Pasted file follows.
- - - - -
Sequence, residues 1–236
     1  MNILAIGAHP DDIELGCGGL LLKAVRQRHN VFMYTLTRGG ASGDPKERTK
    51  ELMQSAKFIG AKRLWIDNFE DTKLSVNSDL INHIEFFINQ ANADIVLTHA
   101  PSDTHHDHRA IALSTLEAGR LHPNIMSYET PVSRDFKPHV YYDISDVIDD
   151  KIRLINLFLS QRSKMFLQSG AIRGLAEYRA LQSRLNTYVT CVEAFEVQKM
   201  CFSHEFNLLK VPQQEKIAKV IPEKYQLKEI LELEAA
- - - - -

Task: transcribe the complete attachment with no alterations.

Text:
Sequence, residues 1–236
     1  MNILAIGAHP DDIELGCGGL LLKAVRQRHN VFMYTLTRGG ASGDPKERTK
    51  ELMQSAKFIG AKRLWIDNFE DTKLSVNSDL INHIEFFINQ ANADIVLTHA
   101  PSDTHHDHRA IALSTLEAGR LHPNIMSYET PVSRDFKPHV YYDISDVIDD
   151  KIRLINLFLS QRSKMFLQSG AIRGLAEYRA LQSRLNTYVT CVEAFEVQKM
   201  CFSHEFNLLK VPQQEKIAKV IPEKYQLKEI LELEAA